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The Gene Hobbs Tragedy: the autopsy report revisited

Updated: Mar 9, 2020

Chad Hobbs:

Messenger Staff


 Early on in this series, Gene Hobbs’ autopsy was mentioned in dispelling the rumor Lisa says the Judge was spreading right after Gene’s death, stating that a heart attack had caused him to be backed over. The eyewitness clearly stated in his testimony, however, that: “They said he had a heart attack. That’s not true. He was working until he took his last breath when he was ran over.”

 It was also pointed out that when the autopsy was released, it verified Gene had not had a heart attack, and that the autopsy would call into question the claims of the official report again, as this series progressed. It is now that time to revisit this report once again.

 A full autopsy is a process which is unrelenting in its attention to detail, and the one performed on Gene is no exception to the rule. There is not an inch of the body, internally or externally, that is not meticulously examined, measured and documented in great detail.

 It describes how many milliliters of fluid, of clotted blood and of liquid blood were found after the chest and abdominal cavity were incised and opened. What it fails to ever describe, however, is any mention of stomach contents or their measurement in the report. As one medical professional I spoke to stated, “If it’s not documented, it didn’t happen. That’s charting 101.”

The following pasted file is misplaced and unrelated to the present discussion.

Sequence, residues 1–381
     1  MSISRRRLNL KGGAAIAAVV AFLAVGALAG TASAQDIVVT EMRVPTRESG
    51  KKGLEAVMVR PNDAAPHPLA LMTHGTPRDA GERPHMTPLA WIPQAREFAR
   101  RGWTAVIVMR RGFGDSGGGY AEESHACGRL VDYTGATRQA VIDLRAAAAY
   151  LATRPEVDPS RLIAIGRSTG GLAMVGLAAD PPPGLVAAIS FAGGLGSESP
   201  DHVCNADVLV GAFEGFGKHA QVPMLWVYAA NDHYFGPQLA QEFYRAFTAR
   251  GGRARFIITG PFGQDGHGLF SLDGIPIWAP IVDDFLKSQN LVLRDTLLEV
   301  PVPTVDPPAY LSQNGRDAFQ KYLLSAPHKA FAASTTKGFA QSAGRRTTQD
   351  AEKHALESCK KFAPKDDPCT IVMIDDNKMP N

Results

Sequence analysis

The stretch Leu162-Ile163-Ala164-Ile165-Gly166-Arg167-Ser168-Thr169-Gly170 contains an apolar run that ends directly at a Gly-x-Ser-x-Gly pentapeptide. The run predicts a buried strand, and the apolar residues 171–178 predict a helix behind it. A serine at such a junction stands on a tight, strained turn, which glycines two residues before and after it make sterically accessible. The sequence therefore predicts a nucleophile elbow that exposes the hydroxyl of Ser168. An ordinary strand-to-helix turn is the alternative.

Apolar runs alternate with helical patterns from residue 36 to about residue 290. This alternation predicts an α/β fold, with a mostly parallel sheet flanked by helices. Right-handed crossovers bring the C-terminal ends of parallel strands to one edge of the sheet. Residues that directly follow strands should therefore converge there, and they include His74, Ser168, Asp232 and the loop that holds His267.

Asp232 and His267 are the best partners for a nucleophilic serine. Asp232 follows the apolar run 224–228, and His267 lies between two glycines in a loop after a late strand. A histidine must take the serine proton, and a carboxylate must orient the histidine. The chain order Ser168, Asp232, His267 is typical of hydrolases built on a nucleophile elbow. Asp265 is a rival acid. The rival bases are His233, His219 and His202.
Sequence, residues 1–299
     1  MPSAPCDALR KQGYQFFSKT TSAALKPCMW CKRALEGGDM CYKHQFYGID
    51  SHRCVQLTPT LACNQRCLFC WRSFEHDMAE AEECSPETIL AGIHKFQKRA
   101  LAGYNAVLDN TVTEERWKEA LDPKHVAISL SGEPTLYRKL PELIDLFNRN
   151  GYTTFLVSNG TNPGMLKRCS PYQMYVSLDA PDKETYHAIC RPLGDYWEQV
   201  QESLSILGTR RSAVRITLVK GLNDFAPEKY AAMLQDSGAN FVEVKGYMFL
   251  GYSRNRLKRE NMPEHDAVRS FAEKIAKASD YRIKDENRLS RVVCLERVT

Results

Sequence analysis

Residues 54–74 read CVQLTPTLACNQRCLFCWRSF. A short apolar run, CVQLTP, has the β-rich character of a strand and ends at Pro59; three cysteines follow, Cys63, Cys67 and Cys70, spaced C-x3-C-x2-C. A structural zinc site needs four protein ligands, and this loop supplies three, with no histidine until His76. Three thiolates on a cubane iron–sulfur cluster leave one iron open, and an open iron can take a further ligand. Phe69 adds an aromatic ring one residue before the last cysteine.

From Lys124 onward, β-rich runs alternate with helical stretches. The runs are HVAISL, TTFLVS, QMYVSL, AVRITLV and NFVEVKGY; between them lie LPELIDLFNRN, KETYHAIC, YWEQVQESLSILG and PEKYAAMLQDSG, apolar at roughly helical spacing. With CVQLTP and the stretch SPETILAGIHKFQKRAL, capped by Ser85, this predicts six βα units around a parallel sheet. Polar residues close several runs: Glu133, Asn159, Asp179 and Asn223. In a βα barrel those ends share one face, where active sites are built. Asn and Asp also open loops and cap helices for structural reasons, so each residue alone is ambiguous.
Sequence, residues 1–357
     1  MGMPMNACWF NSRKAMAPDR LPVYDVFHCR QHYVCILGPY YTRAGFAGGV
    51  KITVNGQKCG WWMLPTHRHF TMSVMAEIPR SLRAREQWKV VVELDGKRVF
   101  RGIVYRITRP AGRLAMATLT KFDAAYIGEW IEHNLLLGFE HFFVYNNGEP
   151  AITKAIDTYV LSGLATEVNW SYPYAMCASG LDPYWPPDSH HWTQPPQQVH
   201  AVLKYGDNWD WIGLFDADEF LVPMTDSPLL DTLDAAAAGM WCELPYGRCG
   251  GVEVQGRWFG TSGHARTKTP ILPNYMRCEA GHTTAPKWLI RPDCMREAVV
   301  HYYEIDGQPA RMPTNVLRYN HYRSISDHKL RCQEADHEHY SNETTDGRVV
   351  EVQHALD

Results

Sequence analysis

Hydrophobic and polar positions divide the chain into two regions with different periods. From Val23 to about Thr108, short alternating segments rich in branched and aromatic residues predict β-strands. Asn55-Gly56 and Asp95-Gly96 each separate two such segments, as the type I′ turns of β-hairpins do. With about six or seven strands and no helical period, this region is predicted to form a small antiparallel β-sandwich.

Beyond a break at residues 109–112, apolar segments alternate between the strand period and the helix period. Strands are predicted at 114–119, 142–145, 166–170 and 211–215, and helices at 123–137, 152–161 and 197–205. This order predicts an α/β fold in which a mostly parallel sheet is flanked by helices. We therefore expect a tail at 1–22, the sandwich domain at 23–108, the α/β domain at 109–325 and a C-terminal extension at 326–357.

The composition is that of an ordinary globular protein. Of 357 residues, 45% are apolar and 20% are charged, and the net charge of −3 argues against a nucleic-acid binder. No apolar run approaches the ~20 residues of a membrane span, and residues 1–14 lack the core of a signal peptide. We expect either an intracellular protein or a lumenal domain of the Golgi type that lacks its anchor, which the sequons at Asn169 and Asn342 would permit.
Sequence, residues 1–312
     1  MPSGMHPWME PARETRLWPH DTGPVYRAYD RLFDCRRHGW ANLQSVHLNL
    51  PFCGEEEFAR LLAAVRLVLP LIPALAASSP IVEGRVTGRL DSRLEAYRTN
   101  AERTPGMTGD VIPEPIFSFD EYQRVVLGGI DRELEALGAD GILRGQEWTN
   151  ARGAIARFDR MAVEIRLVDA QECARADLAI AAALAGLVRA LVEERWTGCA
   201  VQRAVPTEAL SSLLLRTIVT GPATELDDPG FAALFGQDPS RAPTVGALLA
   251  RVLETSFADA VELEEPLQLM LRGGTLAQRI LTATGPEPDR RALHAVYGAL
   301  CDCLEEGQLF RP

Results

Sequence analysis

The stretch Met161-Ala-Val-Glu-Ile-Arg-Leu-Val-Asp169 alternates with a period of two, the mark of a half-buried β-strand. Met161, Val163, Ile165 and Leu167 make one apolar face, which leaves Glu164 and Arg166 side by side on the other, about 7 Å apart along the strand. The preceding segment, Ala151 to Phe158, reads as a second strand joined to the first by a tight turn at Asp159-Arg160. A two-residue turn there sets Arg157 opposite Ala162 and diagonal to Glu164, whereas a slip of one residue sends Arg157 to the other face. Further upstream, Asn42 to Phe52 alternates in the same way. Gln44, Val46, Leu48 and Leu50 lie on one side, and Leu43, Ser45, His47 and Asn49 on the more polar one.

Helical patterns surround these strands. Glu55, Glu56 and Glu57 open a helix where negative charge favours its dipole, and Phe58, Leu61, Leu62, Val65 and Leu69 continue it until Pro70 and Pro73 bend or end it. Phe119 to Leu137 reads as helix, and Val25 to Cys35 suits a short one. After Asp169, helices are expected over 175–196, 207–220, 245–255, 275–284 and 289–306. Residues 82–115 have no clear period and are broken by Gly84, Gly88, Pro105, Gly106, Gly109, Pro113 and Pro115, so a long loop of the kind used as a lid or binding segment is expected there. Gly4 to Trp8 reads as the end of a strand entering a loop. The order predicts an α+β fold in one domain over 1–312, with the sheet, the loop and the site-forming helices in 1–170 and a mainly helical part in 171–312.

The reason this sticks out, though, is because the final report by Investigator Morley distinctly states that the Meade County Road Department crew had just returned back to work from lunch when Gene walked behind a moving dump truck that had been cleared to back up with its alarm sounding.

 If he had just returned back from lunch, one would expect there would be mention of stomach contents and the measurement of how much. The report goes so far as to state there was 5 ml of bile in his gallbladder but nothing about the contents of a stomach which had supposedly just finished eating. Especially since Lisa stated before, that when she got his lunchbox back the day after Gene’s death, it was empty. Not even his afternoon snack was left.

 The other fact that sticks out when reading this report is “the urinary bladder contains approximately 400 ml of urine” the day the autopsy was performed on Gene. According to Gray’s Anatomy, the gold standard among anatomical text books in the health field, the average capacity of an adult male bladder is around 400 ml, though 500 ml may be tolerated. Both a doctor and a surgical nurse have both verified not only was Gene’s bladder full at t